Comment


                  • #10
                    Originally posted by CruiserClass View Post
                    To clarify, is the sound muffled to the point that even if you're paying attention and have no distractions you can't understand what's being said?
                    That's the pertinent followup question.

                    If you're actively paying attention do you STILL have problems, or do you just miss the stuff said while you're focusing on something else?

                    If you're actively paying attention the "Huh?" moments will still occur, but if they are constant you may have some kind of underlying problem... or maybe your radios just suck. Ours do. They're just bad. Then you have to learn to relate the gibberish to actual English phrases. Most things that get said on the radio are variations of a few themes: Open a cell or door, respond to Pod x, y or Z, etc, etc. If you can figure that out the rest will come with time.

                    The ability to pay attention WITHOUT paying attention, that takes time.
                    "I am a Soldier. I fight where I'm told and I win where I fight." -- GEN George S. Patton, Jr.

                    "With a brother on my left and a sister on my right, we face…. We face what no one should face. We face, so no one else would face. We are in the face of Death." -- Holli Peet

                    Comment


                    • #11
                      I've been at it for 15 years and I still ask myself, from time to time, what did he/she just say? To which I generally answer "I have no earthly idea."

                      But there is something to talking with folks in person. I once worked where I talked with four ladies from the same office over the phone and I could not tell them apart even after months. After I met them in person they didn't sound anything alike and I could tell them apart over the phone after just a word or two.
                      Officer Jay McGuire, Minneapolis Park Police EOW 5/14/2009 age 11
                      Among Texas' finest
                      Deputy Andy Taylor, Llano County SO EOW 5/9/2005
                      Senior Deputy Jessica Laura Hollis, Travis County SO EOW 9/18/2014
                      Darren H. Goforth, Harris County SO EOW 8/28/2015

                      Comment


                      • #12
                        For me, it fell into place as I started to become familiar with my surroundings. At first I couldn't for the life of me remember which unit had just called in or where they were going, because those were just random words and numbers. Once I could visualize what street they were on and who they were, it was a snap.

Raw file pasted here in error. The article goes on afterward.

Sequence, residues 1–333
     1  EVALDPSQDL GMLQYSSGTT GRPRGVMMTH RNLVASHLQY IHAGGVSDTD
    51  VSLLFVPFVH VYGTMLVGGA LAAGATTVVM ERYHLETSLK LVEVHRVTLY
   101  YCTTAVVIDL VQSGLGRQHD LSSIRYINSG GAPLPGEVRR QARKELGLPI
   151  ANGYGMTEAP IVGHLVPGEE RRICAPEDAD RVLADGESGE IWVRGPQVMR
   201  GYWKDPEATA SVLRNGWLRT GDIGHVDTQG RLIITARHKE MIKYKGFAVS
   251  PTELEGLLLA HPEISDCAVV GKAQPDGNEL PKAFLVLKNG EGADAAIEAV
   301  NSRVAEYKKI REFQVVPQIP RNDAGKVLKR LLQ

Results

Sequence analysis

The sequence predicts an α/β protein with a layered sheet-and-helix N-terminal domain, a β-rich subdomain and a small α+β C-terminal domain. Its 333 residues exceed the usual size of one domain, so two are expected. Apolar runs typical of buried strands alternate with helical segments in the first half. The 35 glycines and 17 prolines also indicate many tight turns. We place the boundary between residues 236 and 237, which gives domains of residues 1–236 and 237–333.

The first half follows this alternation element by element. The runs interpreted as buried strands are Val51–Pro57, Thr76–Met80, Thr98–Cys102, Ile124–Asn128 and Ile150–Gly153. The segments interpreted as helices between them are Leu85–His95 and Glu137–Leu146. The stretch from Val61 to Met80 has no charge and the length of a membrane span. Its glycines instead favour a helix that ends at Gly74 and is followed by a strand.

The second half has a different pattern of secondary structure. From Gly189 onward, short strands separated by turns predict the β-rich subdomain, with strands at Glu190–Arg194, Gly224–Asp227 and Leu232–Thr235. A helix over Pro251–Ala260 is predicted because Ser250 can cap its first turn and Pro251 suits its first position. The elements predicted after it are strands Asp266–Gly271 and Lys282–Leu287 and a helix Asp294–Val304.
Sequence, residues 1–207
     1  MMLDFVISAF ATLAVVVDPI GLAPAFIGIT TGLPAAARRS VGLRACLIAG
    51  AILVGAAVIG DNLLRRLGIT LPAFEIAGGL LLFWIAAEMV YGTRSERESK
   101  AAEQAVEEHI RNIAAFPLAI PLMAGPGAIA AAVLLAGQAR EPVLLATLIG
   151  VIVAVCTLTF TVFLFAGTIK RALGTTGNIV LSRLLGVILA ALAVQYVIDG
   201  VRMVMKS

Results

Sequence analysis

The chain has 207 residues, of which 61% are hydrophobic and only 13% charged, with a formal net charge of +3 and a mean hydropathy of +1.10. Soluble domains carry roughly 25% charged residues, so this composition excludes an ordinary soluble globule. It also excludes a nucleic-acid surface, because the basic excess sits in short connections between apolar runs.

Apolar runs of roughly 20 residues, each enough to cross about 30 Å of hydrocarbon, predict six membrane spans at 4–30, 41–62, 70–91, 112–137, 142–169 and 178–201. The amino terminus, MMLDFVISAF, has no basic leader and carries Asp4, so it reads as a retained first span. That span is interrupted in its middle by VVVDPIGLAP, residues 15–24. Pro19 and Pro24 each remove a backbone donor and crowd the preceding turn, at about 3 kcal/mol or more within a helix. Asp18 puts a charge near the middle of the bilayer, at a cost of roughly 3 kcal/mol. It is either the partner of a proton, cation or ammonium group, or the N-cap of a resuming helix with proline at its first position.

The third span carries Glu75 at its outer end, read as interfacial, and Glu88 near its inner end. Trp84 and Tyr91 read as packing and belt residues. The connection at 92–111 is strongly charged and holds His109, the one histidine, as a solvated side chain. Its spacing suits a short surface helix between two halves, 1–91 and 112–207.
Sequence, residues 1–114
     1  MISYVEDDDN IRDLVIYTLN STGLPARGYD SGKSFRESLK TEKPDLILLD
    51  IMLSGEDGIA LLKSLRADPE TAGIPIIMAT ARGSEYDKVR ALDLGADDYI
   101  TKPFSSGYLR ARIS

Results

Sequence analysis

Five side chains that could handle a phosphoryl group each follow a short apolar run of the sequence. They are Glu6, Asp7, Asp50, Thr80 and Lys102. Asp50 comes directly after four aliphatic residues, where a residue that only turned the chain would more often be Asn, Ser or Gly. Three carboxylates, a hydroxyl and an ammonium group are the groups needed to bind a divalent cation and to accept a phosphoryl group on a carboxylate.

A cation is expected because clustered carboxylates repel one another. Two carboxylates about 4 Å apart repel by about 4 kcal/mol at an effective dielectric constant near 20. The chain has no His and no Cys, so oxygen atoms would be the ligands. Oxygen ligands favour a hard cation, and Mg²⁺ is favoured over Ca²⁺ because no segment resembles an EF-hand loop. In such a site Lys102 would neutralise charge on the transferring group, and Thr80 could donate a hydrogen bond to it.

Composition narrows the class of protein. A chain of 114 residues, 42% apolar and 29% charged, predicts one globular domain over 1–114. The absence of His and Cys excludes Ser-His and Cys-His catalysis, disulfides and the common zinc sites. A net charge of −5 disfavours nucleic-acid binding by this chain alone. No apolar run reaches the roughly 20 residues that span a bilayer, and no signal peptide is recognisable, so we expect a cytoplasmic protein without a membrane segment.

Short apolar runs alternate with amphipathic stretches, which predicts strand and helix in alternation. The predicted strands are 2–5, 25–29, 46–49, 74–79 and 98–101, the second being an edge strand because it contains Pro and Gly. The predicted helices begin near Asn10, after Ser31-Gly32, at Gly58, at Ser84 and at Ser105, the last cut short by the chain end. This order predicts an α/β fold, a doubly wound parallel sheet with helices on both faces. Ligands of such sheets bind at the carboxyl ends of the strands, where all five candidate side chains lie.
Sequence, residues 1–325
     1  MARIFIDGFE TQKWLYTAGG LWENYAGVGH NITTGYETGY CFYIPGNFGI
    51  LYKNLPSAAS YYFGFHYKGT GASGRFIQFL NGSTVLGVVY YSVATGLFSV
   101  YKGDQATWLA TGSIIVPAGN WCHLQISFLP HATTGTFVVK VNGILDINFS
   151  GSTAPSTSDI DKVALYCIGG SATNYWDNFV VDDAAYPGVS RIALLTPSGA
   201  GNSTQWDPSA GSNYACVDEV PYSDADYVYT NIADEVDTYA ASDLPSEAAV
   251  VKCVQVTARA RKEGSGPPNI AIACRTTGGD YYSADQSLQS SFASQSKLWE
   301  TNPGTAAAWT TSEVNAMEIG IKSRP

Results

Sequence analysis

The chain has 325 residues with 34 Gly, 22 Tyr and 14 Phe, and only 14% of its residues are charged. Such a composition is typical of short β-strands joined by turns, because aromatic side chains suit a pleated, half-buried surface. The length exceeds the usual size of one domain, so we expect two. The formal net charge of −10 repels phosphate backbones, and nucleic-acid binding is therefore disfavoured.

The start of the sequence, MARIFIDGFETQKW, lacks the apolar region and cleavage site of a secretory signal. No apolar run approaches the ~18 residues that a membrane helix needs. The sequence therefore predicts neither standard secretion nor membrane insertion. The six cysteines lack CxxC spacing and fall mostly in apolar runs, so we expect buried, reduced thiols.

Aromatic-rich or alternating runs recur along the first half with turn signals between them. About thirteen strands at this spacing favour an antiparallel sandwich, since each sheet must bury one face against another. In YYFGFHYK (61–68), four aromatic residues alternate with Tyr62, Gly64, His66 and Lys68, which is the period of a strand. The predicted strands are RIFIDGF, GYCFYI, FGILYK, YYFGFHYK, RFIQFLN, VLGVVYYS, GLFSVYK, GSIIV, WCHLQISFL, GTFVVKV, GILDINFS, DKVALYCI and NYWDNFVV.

When you get to know what time of day the inmates go where, who works what section, and what the slang is at your institution, the radio traffic will make more sense. And the more familiar you become with the voices of your co-workers, the less difficulty you will have figuring out what syllables they just spit into the mic.

                        Comment


                        • #13
                          It will come with time. Even after several years on the job, I switched agencies and it took a while for me to adapt.
                          In God We Trust
                          Everyone else we run local and NCIC

                          Comment


                          • #14
                            Alot of my co workers have very thick accents, there is one in particular that EVERYONE has difficulty understanding and the dispatchers are constantly asking him to repeat himself. IMO it's a safety hazard and I'm not sure why the guy was hired. Otherwise, I agree with the others--it will get better with time and you get to know your co workers' speech patterns etc
                            Judge me by the enemies I have made----Unknown

                            Comment


                            • #15
                              As he mentioned hes working in corrections,The radios atleast the ones we had were old and just bad radios.

                              The only time they ever got replaced was if one happened to slide up against a wall during a conflict hard enough to break it

                              Comment

                              MR300x250 Tablet

                              Collapse

                              What's Going On

                              Collapse

                              There are currently 4613 users online. 257 members and 4356 guests.

                              Most users ever online was 26,947 at 07:36 PM on 12-29-2019.

                              Welcome Ad

                              Collapse
                              Working...
                              X